Physiological and biochemical changes during heat stress induced browning of detached backhousia myrtifolia (Cinnamon myrtle) tissues

Sommano, Sommano (2015) Physiological and biochemical changes during heat stress induced browning of detached backhousia myrtifolia (Cinnamon myrtle) tissues. Tropical Plant Biology, 8 1-2: 31-39. doi:10.1007/s12042-015-9148-x


Author Sommano, Sommano
Title Physiological and biochemical changes during heat stress induced browning of detached backhousia myrtifolia (Cinnamon myrtle) tissues
Formatted title
Physiological and biochemical changes during heat stress induced browning of detached backhousia myrtifolia (Cinnamon myrtle) tissues
Journal name Tropical Plant Biology   Check publisher's open access policy
ISSN 1935-9764
1935-9756
Publication date 2015-06
Sub-type Article (original research)
DOI 10.1007/s12042-015-9148-x
Volume 8
Issue 1-2
Start page 31
End page 39
Total pages 9
Place of publication New York, United States
Publisher Springer New York
Collection year 2016
Language eng
Formatted abstract
Postharvest discolouration is found in leaf and floral tissues of Backhousia myrtifolia (Cinnamon myrtle). Towards discerning the biochemical mechanisms, heat-induced browning was investigated. Differential browning behaviour was observed for green versus yellowed leaves. Initial pre-treatment chlorophyll contents (Chl a and b) and chlorophyll fluorescence (CF) were measured for both coloured leaves. After heat treatment, both, coloured leaf and floral tissue, were analysed for electrolyte leakage (EL), malondialdehyde (MDA) content, polyphenol oxidase (PPO), peroxidase (POD) and phenylalanine ammonia lyase (PAL) enzyme activities, total phenolic content, diphenylpicryl-hydrazyl (DPPH) antioxidant activity and surface colour. They were also rated for their browning score (BS). Low chlorophyll fluorescence ratios (F v /F m values) of 0.68 for both leaf types suggested that this sub-tropical plant species experienced cold stress during winter period in which the study was conducted. Compared to detached green leaves, detached yellowed leaves showed more browning after heat treatment. Yellowed leaves had significantly greater EL levels, higher pre-treatment PPO and POX activities, and greater pre- and post-treatment PAL activities than green leaves. PPO, POD and PAL enzymes are typically involved in browning mechanisms in plant tissues. Their higher levels in yellowed leaves at least partly accounted for their greater browning than for green leaves.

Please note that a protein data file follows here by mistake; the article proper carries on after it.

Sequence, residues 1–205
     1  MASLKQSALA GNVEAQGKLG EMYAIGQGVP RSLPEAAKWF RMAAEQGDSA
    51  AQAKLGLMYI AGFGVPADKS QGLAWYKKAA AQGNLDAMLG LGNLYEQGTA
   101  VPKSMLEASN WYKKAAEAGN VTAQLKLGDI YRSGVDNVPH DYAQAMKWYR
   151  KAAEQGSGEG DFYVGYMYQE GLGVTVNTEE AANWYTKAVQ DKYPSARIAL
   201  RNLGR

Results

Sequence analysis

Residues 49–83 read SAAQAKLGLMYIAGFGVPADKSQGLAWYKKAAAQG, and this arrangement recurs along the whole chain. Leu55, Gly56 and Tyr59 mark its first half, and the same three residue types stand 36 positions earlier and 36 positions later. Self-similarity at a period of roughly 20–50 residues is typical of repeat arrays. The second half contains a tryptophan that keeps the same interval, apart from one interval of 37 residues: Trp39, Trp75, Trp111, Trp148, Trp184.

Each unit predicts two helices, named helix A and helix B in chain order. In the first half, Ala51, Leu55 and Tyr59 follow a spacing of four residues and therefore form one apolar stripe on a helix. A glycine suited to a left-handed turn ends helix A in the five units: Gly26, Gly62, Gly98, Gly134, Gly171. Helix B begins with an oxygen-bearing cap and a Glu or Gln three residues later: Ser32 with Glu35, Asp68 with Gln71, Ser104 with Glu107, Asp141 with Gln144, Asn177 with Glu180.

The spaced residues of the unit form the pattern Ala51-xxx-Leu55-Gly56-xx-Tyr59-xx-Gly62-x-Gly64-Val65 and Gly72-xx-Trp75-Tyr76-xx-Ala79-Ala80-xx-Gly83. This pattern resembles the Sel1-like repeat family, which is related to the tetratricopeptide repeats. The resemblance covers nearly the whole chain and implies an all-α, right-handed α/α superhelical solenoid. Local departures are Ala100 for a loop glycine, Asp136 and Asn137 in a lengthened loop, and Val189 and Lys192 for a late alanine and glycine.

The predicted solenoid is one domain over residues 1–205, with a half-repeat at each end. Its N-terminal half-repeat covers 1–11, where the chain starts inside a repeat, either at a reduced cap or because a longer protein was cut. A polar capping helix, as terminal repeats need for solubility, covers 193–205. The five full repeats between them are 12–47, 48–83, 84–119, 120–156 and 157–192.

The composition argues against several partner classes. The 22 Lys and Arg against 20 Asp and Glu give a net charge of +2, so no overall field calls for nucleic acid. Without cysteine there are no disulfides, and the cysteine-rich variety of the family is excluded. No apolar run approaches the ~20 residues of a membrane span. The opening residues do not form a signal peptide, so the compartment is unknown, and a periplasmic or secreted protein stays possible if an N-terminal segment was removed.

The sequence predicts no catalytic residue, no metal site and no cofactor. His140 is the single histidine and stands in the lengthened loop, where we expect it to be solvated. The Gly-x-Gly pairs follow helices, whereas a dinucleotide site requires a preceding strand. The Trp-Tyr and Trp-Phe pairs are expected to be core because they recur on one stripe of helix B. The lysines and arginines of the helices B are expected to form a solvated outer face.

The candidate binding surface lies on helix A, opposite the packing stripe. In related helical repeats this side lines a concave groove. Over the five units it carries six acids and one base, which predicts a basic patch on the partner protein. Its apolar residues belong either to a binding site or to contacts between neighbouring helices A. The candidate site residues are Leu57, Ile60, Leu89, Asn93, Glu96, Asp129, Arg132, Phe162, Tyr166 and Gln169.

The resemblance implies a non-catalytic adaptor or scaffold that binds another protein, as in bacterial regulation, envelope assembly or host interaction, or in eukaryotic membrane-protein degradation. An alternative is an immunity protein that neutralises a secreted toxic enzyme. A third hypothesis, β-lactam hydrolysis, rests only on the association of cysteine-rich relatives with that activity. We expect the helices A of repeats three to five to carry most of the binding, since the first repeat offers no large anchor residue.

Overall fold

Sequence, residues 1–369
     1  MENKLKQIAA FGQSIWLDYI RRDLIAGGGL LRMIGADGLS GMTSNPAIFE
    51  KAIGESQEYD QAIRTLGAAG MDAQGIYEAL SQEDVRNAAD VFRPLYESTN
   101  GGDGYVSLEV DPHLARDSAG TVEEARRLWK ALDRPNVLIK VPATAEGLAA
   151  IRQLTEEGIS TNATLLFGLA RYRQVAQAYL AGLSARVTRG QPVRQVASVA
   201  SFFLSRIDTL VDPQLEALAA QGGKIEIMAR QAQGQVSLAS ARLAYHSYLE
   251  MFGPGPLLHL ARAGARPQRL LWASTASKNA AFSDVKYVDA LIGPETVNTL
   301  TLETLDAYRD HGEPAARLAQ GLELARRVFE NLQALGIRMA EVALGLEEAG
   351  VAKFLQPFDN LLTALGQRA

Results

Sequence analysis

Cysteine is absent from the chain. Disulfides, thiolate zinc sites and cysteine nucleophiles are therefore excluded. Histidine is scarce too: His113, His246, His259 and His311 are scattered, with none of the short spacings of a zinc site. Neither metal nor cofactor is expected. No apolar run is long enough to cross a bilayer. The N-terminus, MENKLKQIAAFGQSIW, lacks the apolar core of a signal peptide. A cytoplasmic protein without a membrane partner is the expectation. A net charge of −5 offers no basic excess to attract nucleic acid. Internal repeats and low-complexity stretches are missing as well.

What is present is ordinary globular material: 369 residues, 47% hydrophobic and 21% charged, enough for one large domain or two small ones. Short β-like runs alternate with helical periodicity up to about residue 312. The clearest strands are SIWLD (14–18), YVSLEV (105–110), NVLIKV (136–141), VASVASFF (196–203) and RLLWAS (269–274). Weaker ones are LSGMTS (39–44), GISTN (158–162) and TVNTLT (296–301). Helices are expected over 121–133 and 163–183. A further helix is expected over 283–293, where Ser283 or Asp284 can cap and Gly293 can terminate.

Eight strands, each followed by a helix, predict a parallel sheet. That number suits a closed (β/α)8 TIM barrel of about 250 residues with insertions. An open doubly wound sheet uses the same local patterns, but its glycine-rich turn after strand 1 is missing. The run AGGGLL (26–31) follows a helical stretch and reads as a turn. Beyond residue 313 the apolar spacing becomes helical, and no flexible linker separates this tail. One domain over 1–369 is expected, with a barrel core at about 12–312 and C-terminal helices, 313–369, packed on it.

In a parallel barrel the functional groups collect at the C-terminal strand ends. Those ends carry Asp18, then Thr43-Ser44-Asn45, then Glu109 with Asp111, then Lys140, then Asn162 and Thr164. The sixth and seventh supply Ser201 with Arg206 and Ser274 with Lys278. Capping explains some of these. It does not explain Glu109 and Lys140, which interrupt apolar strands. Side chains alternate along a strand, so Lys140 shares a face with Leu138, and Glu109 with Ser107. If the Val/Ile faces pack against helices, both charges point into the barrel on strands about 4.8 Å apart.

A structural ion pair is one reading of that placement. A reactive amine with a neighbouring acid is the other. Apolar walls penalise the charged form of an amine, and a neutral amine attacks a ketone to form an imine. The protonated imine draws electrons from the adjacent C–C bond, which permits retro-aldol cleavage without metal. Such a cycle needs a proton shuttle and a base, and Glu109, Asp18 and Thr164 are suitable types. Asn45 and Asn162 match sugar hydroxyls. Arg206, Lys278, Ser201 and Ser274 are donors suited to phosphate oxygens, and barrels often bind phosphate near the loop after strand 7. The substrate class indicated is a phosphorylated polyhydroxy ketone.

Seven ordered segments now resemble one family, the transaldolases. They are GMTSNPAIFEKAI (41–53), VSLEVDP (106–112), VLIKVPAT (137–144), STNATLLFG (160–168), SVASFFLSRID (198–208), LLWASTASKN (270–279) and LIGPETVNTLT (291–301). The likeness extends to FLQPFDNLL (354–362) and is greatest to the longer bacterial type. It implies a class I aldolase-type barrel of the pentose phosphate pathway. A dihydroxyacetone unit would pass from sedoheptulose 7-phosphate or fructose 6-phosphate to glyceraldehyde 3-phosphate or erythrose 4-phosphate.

Keyword Browning disorder
Compartmentation
Heat treatments
Post harvest
Q-Index Code C1
Q-Index Status Confirmed Code
Institutional Status UQ

Document type: Journal Article
Sub-type: Article (original research)
Collections: School of Agriculture and Food Sciences
Official 2016 Collection
 
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